It’s a peaceful evening in the sky above O’Hare International Airport in Chicago. The air is still, barely a hint of clouds overhead. Visibility extends for miles. Conditions are perfect for flight. In fact, air traffic control just gave a pilot word that they are clear for takeoff. The sky’s the limit, it would seem. But the controller isn’t seated at O’Hare, and neither is the pilot. They are located thousands of miles apart, brought together by a Discord channel and a multiplayer server for Microsoft Flight Simulator, both operated by a bustling community known as fsATC, or flight simulator air traffic control.
Formed in the summer of 2019, fsATC is one of a number of communities that have cropped up around flight simulators with the goal of keeping the game as realistic as possible.
Perhaps you remember entering the cockpit of a classic version of Microsoft Flight Simulator and buzzing the Eiffel Tower or landing on the Golden Gate Bridge—the type of reckless feats that become possible only within a video game. Members of fsATC and others in the flight sim community would rather not have the skies littered with daredevils. Instead, they fly by staying grounded in reality. Air traffic controllers keep tabs on flying conditions and are tasked with clearing flight plans proposed by pilots looking to complete a journey. Success is declared when a plane safely lands at its designated destination.
If this sounds a little mundane, well, consider that a virtue. When everything goes right—when air traffic controllers and pilots cooperate—planes take off and land without the slightest hint of a problem. The community as a whole operated on a similar premise: As long as everyone kept the cooperative spirit, it continued to grow. That worked until one founding member of fsATC, like a pilot flouting the directions of air traffic control, decided to go rogue and veered directly into turbulence that shook the whole community.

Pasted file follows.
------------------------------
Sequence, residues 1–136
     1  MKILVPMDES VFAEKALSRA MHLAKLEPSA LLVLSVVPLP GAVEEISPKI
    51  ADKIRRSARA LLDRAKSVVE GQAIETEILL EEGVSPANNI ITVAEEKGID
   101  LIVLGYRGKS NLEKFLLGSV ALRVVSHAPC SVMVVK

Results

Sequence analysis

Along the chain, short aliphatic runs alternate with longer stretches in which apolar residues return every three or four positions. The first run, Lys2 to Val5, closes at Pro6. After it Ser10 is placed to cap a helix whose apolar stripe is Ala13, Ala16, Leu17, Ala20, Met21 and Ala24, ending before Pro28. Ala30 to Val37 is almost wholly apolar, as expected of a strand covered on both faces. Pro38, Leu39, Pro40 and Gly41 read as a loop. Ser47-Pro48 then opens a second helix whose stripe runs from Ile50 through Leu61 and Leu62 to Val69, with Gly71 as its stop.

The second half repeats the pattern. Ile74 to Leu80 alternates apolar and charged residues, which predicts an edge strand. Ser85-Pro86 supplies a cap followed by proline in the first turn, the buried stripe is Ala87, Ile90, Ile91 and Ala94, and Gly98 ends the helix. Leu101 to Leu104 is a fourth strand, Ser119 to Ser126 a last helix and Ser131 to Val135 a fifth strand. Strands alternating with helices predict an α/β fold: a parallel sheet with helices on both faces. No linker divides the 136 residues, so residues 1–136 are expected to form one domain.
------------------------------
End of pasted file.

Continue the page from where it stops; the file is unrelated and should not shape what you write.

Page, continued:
Evan Reiter, a real-life airline pilot and cofounder of the Flight Simulation Association—an organization dedicated to the growth of the flight sim community—says that the flight simulators, a relatively forgotten genre of games that seemed to be relegated to memories from the early 2000s, have been given new life in recent years. This is thanks in large part to the release of Flight Simulator, a reboot of the classic Microsoft title that dropped last year. The two versions of Flight Simulator available through Steam—Microsoft Flight Simulator X and the newer Microsoft Flight Simulator—average more than 6,500 concurrent players combined at any given time, according to SteamCharts. That’s enough to put the games around the top 100 most played.
“There has been an influx of people, new ideas, and support for enthusiast flight simulation with the recent Microsoft Flight Simulator release,” Reiter says. “We’ve seen plenty of new simmers, but also lots of people who had dropped the hobby coming back, both due to the new release and the pandemic.”
One of the primary appeals of the title is its emphasis on realism and the capability of modern computers to reliably deliver a simulation experience. According to Reiter, the title has “made it much further into the real world, both gaming and aviation, than other simulator platforms.” He says that he has seen more people involved in the aviation industry, “from aerospace engineers to airline pilots,” talking about flight simulation, and Flight Simulator is the biggest driver.
Reiter says that the flight simulator community has done such a solid job accurately replicating the flight experience that he believes some “could probably manage to fly an aircraft, at least for some period of time and in the right conditions”—though he notes he’d rather stay on the ground for those flights.
A Community Takes Flight
A member of the fsATC community who goes by DorkToast said he got sucked in by the realism after briefly becoming obsessed with all the ins and outs of air traffic control. “I went in there and you had these people ranging from real pilots to real air traffic controllers that actually do this in their spare time because they love air traffic control,” he explains of his first visits to the fsATC Discord.